I recently sat in on one of TTI Success Insights (my assessment provider of choice) webinars on Meaningful Conversations That Reinforce Culture. At the beginning the moderator recounted some startling statistics from a recent study by Gallup:
- 70% of U.S. employees are not engaged at work
- 89% of owners and managers think that their employees are leaving to make more money somewhere else, when in reality only 12% leave for more money.
What are these statistics telling us? One obvious answer is a lack of motivation and appreciation. The other is that the object of their motivation is not what management believe it is. Let's take a look at this.
People are motivated by different things and one size does not fit all. I read somewhere a while back that the top of the list for employees is a heartfelt thank you card with specific reasons why they were appreciated by an accomplishment. In this fast-paced world managers and owners don't take the time to express the value that their employees bring to their work teams. And, an open ended "Thank You" doesn't cut it if the employee doesn't believe the boss really understands their contribution to the team. Specific, measurable accolades are what counts. But what if you wanted a science-based way to know what really motivates each person individually?
Using a popular TTI assessment, Talent Insights, allows you to understand and apply behavioral and motivational analysis to your employees. A new addition to this report is a section called Driving Forces that is based on an extension of Edward Spranger's original work. It breaks down an individual's four primary, situational and indifferent motivators. (See sample report page below.) By examining an employees primary motivators you can fine-tune what that person needs to feel rewarded by their work experience. It opens up a conversation with the employee to discover what they truly want and need. This leads to increased engagement, team coordination and ultimately higher performance. The time and cost invested in this process is far below what it will take to hire and train their replacement after they leave.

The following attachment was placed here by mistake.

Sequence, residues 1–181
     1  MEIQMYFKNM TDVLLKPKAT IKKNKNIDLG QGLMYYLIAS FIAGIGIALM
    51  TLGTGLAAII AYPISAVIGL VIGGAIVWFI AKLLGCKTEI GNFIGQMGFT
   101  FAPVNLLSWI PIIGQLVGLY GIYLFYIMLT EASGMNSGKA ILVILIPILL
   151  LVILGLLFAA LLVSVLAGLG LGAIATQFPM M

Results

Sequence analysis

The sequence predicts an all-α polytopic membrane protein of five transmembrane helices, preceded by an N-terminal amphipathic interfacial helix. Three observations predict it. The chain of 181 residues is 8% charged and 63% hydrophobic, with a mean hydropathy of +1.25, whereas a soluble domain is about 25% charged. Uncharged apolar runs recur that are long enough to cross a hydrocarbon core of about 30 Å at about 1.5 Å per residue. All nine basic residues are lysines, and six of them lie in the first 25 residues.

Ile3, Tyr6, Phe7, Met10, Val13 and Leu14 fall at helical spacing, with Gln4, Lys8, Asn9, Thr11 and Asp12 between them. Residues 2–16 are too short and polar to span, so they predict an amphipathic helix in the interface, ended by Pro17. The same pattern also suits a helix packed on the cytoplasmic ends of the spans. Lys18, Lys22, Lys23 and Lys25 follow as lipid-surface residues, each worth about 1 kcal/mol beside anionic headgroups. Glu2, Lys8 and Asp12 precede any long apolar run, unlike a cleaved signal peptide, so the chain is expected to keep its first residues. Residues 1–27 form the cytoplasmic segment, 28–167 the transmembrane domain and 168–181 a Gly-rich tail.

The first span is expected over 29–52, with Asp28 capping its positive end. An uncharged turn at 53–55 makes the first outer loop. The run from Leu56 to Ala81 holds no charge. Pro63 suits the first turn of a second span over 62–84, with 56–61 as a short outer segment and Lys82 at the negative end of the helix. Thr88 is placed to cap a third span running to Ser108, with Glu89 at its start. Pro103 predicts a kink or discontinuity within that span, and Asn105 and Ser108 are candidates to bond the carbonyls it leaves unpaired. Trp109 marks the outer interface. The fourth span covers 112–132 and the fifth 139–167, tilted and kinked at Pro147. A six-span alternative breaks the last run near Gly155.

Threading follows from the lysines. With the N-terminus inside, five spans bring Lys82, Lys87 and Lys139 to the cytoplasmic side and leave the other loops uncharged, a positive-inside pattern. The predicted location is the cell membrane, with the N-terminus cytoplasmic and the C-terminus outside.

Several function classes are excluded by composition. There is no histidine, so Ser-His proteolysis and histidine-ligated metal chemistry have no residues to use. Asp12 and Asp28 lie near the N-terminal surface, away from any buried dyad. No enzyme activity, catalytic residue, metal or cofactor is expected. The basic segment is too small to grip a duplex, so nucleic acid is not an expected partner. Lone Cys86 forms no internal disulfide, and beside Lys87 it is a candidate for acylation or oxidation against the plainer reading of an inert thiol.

In the sample report page below, the first four primary motivators are shown for our fictitious client Amy Smith. The next two pages would show those motivators that are "situational" and "indifferent" but this first set are critical. You can note that she ranks high in:
As her boss, if you tried to motivate her with money you would get a limited return, and frankly, she would probably be looking for another job unless you identified the real source of her satisfaction and fulfillment. Areas that would likely get her attention would be team rewards, an aesthetically pleasing environment, opportunities to learn through workshops and seminars, and the ability to help others improve. This would be a great place to start a conversation and lay out goals that are tied to the rewards that are meaningful for her.
If you would like to understand what motivates your employees (or yourself) this is an excellent science-based assessment that reveals the hidden motivators behind high engagement, morale and successful teams.